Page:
I’m drinking coffee in a tattoo parlour. It’s also a coffee shop. It serves really good coffee.
It’s a long and narrow space, like most storefronts along these streets. In the front an old door functions as a table, and a bench quilted with rainbow colours and skulls stretches along its length. An old tin ceiling, painted white, floats above dark purple walls covered in indie art and hanging skulls threaded with heavy twine. There are skulls on my chair, too: an almost cartoonish print that seems suited to pajama bottoms. Festive heads and crossbones.
The woman making my coffee is laid back and nice. Like a friend that you would sit up with all night, drinking wine and waxing reflective about the 80s. I wonder if she’s the one who wields the needles in the back.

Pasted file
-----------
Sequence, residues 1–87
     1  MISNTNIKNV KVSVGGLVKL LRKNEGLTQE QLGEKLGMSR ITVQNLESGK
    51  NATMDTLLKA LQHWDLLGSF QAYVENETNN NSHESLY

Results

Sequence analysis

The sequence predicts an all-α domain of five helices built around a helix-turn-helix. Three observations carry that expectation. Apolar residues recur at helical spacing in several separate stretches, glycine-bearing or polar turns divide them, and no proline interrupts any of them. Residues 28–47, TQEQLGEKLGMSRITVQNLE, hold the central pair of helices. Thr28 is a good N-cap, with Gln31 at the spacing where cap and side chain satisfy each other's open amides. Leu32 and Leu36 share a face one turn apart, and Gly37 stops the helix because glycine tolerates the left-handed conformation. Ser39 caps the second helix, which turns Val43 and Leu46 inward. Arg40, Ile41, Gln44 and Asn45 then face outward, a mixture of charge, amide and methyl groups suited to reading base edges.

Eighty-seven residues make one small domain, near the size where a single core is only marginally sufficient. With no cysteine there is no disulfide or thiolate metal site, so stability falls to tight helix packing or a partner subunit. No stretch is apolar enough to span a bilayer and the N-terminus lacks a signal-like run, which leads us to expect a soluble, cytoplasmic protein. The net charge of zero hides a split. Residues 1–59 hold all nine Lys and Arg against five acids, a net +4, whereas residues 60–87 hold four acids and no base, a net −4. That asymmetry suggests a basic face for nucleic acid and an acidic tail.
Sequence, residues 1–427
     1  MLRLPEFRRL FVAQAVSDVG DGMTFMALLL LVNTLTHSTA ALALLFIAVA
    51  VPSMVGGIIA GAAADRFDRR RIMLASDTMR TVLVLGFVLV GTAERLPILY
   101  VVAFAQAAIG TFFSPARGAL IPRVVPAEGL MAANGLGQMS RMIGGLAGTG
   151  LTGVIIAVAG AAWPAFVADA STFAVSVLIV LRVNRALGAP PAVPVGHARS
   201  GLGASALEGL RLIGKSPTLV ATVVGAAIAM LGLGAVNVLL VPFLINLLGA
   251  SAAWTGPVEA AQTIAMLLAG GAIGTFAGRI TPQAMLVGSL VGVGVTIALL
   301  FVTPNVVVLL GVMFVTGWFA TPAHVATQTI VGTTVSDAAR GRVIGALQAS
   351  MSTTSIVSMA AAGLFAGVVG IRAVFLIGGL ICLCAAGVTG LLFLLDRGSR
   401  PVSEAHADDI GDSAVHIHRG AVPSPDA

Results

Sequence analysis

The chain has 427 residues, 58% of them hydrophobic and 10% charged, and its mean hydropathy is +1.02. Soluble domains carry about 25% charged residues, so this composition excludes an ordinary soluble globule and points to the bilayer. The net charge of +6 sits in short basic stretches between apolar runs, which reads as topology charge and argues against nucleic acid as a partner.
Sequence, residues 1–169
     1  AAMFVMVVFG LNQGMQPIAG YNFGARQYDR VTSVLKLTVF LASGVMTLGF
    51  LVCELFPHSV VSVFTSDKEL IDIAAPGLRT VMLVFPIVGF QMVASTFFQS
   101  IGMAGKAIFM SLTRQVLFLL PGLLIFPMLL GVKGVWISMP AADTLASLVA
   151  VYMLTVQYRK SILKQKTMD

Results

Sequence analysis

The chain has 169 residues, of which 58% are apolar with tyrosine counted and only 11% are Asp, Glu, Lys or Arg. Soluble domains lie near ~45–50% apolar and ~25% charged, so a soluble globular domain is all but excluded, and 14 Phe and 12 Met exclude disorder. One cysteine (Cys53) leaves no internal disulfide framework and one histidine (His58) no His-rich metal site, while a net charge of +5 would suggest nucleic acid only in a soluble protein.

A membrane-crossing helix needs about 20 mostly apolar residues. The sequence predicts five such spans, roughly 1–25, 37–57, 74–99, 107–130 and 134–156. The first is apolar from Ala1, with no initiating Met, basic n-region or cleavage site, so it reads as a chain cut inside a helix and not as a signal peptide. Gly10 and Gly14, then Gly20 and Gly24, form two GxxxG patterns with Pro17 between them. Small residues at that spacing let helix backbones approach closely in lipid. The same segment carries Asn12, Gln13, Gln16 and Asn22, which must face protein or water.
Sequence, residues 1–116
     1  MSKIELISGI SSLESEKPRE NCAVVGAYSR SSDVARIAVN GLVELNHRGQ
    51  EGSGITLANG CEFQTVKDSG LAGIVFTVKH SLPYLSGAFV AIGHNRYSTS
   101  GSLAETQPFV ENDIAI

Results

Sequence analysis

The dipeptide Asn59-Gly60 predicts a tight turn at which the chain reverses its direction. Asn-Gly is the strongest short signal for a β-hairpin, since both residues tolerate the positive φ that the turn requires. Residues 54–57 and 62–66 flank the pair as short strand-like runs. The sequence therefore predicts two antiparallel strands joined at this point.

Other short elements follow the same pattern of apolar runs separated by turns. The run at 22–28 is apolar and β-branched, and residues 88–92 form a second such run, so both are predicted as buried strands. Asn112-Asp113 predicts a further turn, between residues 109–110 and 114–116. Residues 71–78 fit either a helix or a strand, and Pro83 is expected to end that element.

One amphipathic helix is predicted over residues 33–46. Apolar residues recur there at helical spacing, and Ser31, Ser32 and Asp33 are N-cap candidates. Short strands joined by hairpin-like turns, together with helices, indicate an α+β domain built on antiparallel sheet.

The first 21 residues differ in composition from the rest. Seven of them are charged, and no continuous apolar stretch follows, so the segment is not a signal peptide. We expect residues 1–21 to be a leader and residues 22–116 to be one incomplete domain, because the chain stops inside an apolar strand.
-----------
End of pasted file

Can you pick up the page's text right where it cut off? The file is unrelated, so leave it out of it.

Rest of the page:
Old and new rock music drifts out from a lone speaker. It’s just the right decibel level. It warms the bones of the place.
It’s so bright in the front that I can’t quite see the colour of my coffee as I pour in the milk. A little dizzied by the holographic skulls flashing upwards from the coffee mat. Winking.
Into the dark back room, there are plush armchairs in deep reds and purples, embroidered with rich and gothic designs. And skulls, of course. All decadence and comfort. This is presumably where the inking happens.
I resist taking out my camera, as much as my fingers beg me. But I don’t want to feel like a tourist here. Because here I can be a writer.
But I’m also thinking of something more permanent.